Pros: A warm and inviting DAC that makes listening fun
Cons: Not for those seeking the last degree of detail
DISCLOSURE: I received a loaner D100 as part of the Neko Audio D100 loaner program. Wes Miaw, the man behind Neko Audio put together the loaner program. All outgoing shipping was at my expense. The loan was not contingent upon a positive review. However, Mr. Miaw did ask if I would post my impressions (good or bad).
The D100 is an unassuming DAC. A black box with a silver knob input selector in the middle and the ubiquitous blue lights for power and signal lock. The unit is small and unobtrusive, and while it isn't high fashion, it is well-built and utilitarian.
I'll leave the technical details to others, but it is my understanding that Wes chose to forego some of the bells and whistles for premium parts and execution. Good decision. With the D100, Neko Audio appears to have sought a well-rounded sound. It is not the last word in detail. Good. I've had it with brittle, shrill DACs, which, frankly, at this price point is what you get when a DAC manufacturer goes for "detail." So instead of the sparkly highs, the D100 gives sumptuous mids and a bit of bass kick that I find very musically satisfying.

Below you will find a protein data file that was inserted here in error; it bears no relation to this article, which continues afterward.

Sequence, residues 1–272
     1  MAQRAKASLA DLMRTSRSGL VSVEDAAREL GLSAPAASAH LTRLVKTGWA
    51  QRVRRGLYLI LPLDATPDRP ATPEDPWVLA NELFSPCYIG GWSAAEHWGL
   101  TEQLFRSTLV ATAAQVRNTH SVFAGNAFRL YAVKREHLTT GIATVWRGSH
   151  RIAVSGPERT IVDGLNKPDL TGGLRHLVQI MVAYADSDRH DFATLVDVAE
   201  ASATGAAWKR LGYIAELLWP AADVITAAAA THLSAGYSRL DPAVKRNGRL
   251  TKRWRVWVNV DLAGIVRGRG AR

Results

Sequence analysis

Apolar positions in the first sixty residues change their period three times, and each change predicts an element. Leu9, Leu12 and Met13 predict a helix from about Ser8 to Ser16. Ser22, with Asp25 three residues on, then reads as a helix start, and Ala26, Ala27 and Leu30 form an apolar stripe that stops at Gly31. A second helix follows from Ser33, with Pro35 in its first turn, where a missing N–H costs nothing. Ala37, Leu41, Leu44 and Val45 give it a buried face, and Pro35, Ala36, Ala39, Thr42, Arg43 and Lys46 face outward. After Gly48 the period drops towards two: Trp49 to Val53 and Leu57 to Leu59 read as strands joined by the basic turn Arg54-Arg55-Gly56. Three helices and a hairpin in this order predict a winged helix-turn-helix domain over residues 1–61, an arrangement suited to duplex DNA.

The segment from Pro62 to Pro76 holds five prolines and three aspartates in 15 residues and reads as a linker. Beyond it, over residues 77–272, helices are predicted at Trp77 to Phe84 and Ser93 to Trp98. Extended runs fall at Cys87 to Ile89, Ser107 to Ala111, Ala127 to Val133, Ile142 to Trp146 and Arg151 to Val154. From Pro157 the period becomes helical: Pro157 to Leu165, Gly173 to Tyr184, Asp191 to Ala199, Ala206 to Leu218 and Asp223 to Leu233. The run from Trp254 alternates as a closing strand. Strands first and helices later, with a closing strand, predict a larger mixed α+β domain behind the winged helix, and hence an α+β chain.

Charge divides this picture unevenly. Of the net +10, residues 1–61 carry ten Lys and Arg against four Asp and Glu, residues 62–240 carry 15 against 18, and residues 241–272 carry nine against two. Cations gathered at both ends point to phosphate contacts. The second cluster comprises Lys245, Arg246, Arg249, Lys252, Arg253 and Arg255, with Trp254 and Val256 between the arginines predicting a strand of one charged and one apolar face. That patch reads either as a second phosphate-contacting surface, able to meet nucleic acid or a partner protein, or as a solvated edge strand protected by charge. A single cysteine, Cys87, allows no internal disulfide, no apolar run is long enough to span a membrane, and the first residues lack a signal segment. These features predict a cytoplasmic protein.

To put this in context, the D100 doesn't sound "gray" or boring like the Bryston BDA-1 does. Instead, the D100 has that sweet sound that reminds me of the Electrocompaniet ECD-1 (one of my favorite DACs out there). And the D100 is one of the few new DACs that I've heard that isn't afraid of presenting plenty of bass. And I suspect there's a little mid-bass hump there that contributes a bit to the euphonic sound signature that I perceived.
Now, does all this mean it's just a fun DAC and therefore relegated to Mid-Fi? Maybe. But if this is mid-fi, then that's where I want to be. If you're in the market for a DAC for $1000 - $1500, you ower it to yourself to investigate the D100. It's just a really well sorted DAC.
Phones: O2 mk1, Grado HF-2, JH13
Amps: Beta 22, KGSS DX
Transport: iMac optical out playing ALAC